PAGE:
Cerebrovascular disease is a major contributor to later-life dementia, accounting for up to 20% of cases of dementia. Atherosclerotic and arteriolosclerotic mechanisms account for most of the burden of disease. Cerebrovascular disease may take several forms. Macrovascular disease in the form of large vessel and larger arteriole infarcts produce a wide spectrum of clinical syndromes. Single strategic infarctions, multiple bilateral infarctions and multiple lacunar infarctions can lead to cognitive dysfunction that spans a large range of both severity and type of cognitive deficits. Microvascular disease almost certainly plays a role in the pathogenesis of dementia. Small vessel disease, which is not evident radiographically, often coexists with macrovascular disease and also with Alzheimer's disease. Amyloid angiopathy is relevant in cognitive disorders in the elderly and causes microhaemorrhages and large haemorrhages. Other much less common aetiologies include vasculitides and CADASIL (cerebral autosomal dominant adenopathy with subcortical infarcts and leukoencephalopathy). Neuroimaging plays a critical role in the diagnosis of vascular dementia. There is no framework for rating the extent of cerebrovascular pathology that is validated against increasing cognitive impairment. Although advances in imaging have increased our recognition of cerebrovascular disease in the elderly, vascular dementia is still inadequately recognized in clinical practice.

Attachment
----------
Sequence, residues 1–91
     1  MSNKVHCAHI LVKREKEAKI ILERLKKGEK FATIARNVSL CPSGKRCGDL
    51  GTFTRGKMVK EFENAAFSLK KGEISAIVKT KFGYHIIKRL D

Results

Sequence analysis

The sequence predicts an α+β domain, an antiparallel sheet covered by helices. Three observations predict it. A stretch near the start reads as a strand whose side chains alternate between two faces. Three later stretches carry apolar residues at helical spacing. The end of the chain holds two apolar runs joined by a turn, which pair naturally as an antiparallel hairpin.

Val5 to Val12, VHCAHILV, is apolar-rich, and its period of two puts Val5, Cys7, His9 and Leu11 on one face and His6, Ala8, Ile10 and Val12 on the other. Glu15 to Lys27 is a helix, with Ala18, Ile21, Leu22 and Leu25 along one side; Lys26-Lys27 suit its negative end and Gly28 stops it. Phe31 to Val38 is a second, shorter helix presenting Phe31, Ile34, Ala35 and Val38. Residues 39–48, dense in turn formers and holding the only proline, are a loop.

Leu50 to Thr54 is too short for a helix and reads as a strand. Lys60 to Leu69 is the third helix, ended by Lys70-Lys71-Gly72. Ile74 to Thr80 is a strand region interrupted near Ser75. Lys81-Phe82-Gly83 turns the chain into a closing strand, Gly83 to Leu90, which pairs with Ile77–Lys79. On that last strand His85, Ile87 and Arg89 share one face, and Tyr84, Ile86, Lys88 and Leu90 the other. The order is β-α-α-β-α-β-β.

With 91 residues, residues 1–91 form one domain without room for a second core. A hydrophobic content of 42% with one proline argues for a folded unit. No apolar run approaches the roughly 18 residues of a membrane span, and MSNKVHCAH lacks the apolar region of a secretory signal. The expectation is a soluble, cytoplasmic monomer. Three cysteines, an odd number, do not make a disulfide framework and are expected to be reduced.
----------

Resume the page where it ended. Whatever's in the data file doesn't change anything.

ASJC Scopus subject areas
- Radiology Nuclear Medicine and imaging